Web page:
The reliefs embrued with paint put down the stereotypes, conventions and brassbound traditions. A shot lacerated the ordeal of the past. It is proved by the assemblage entitled ”La Mort du Patriarche” (1962/72) – a plaster human figure with broad shoulders and a small head marked by the symbols of violence and power: dismembered dolls, a plane, a machine gun, and a space rocket. Niki shot at it in the movie ”Daddy” (1973), retaliating against her father for the harm he had caused and taking vengeance for very form of abusive male domination. However in 1963 the artist quit her own frenzy, admitting: ”I had become addicted to shooting, like one becomes addicted to a drug.”
After the ”Shooting Paintings”, de Saint Phalle started exploring many facets of womanhood. She became well known for creating ”Nanas” – energetic life-size female figures in different dance-like poses, which epitomized sensitivity, tenderness and vitality. Archetypical matriarchs and fertility goddesses with Rubenesque shapes; the dancing victors of modernity were nothing like the rickety, passive and harried brides that Niki portrayed earlier (”Cheval et la Mariée” 1963; ”Bride” 1965). Liberated from the gender roles, they celebrate femininity. The early ones, presented at the exhibition ”Nana Power” in Paris in 1965, were made of wires, textiles and papier-mâché. Short after – due to the popular usage of polyester resin (which damaged the artist’s health) – ”Nanas” became strong, large scale outdoor statues placed in city squares (”Hannover Nanas” 1973) or even scultural-architectural megaconstructions such as ”Hon – en katedral” (1966). The latter – created with the help of Tinguely and Per Olof Ultvedt – was a 82 feet long, 30 feet wide reclining woman entirely filling the largest room at the Moderna Museet in Stockholm. Entering this giant Nana through her vagina, the audience found themselves in an amusement-park-like environment: a milk-bar was in one breast, a goldfish pond occupied the site of the womb etc. It was a quirky example of the modern architecture parlante. Above all, ”Hon” – despite its whimsical nature – was not a fulfillment of secret sexual fantasies but a space encouraging to learn about, celebrate and demythologize women’s bodies. ”The happy, giant creature embodied for many visitors, and also for myself, the dream of the return to the great mother. Entire families with little children came to the museum to see her” – stated de Saint Phalle.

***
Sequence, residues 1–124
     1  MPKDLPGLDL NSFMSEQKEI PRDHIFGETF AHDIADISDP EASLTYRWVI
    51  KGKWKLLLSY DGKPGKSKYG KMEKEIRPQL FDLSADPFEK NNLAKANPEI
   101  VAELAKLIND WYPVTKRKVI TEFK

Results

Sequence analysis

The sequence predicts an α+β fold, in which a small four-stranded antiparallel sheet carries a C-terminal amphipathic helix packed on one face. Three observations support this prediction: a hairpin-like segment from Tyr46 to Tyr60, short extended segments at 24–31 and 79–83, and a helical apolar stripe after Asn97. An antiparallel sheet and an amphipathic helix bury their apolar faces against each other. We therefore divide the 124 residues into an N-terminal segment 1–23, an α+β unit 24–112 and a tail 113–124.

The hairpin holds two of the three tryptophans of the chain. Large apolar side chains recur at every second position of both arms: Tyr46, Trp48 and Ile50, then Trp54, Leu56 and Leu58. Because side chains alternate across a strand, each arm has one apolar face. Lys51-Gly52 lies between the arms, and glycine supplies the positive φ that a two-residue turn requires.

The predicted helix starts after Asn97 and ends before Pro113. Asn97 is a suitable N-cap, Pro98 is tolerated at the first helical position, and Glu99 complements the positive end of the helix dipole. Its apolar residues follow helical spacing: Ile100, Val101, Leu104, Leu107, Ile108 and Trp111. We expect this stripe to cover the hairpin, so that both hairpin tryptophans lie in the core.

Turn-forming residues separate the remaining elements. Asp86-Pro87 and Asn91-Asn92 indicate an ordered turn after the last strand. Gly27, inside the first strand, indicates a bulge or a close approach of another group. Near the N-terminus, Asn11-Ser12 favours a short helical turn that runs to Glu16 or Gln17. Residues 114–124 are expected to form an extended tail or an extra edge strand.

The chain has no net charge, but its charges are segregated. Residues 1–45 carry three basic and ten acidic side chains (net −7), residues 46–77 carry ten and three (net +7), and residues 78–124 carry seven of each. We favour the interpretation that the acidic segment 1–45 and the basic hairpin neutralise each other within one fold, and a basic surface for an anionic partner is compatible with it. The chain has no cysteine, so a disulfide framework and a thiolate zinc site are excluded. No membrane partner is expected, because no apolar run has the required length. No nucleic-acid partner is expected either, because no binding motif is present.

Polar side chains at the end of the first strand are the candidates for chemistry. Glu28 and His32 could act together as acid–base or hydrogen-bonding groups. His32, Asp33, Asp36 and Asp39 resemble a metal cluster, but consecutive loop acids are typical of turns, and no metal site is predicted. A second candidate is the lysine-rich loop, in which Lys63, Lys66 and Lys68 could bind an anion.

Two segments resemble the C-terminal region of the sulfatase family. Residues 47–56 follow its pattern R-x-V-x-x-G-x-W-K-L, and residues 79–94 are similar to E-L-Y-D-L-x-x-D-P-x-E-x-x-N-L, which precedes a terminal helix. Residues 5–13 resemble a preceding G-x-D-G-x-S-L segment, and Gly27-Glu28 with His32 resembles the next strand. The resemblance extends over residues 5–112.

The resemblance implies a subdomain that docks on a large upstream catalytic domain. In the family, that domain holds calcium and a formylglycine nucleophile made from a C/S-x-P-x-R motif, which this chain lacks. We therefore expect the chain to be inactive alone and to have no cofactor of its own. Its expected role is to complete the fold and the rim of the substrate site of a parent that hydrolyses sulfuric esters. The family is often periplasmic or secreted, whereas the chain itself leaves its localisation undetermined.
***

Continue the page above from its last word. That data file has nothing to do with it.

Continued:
Without a doubt the art of Niki de Saint Phalle might be seen in terms of a private as well as political statement. In 1963 she pointed her firearm at the plaster heads of Castro, Lincoln and Khrushchev among others. In later years she advocated against the gun industry, denounced the NRA, defended women’s reproductive rights and commented on world hunger, domestic abuse, global warming and environmental neglect. From 1983 to 1986 de Saint Phalle wrote and illustrated ”AIDS: You Can’t Catch It Holding Hands” (in collaboration with Swiss AIDS specialist Prof. Silvio Barandun). She delivered straightforward information about the transmission of HIV in the form of playful and multicolored drawings.
The most valuable aspect of de Saint Phalle’s art lies in the artist’s ability to make her intimate, personal experiences universal and communal. Although her dreamlike, fey, quasi-primitive works could and did expose her to ridicule, she created art that tamed the demons – works infused with empathy, encouragement and ”you-are-not-alone” power. Throughout her rich career she strongly believed in the healing force of art – whether it cures her own or the world’s wounds.
written by Wojciech Delikta
edited by Laura Heuberger
Niki de Saint Phalle: Structures for Life
Dates to be announced
MoMA PS1 in New York
The exhibition is organised by Ruba Katrib, Curator, MoMA PS1
Niki de Saint Phalle. Photo de la Hon repeinte. 1979. © 2020 NIKI CHARITABLE ART FOUNDATION. Photo: Katrin Baumann
Niki de Saint Phalle. Book cover for AIDS, you can’t catch it holding hands. 1986. © 2020 NIKI CHARITABLE ART FOUNDATION. Photo: NCAF Archives
Niki de Saint Phalle. Interior view of Empress, Tarot Garden, Garavicchio, Italy © 2020 FONDAZIONE IL GIARDINO DEI TAROCCHI. Photo: Peter Granser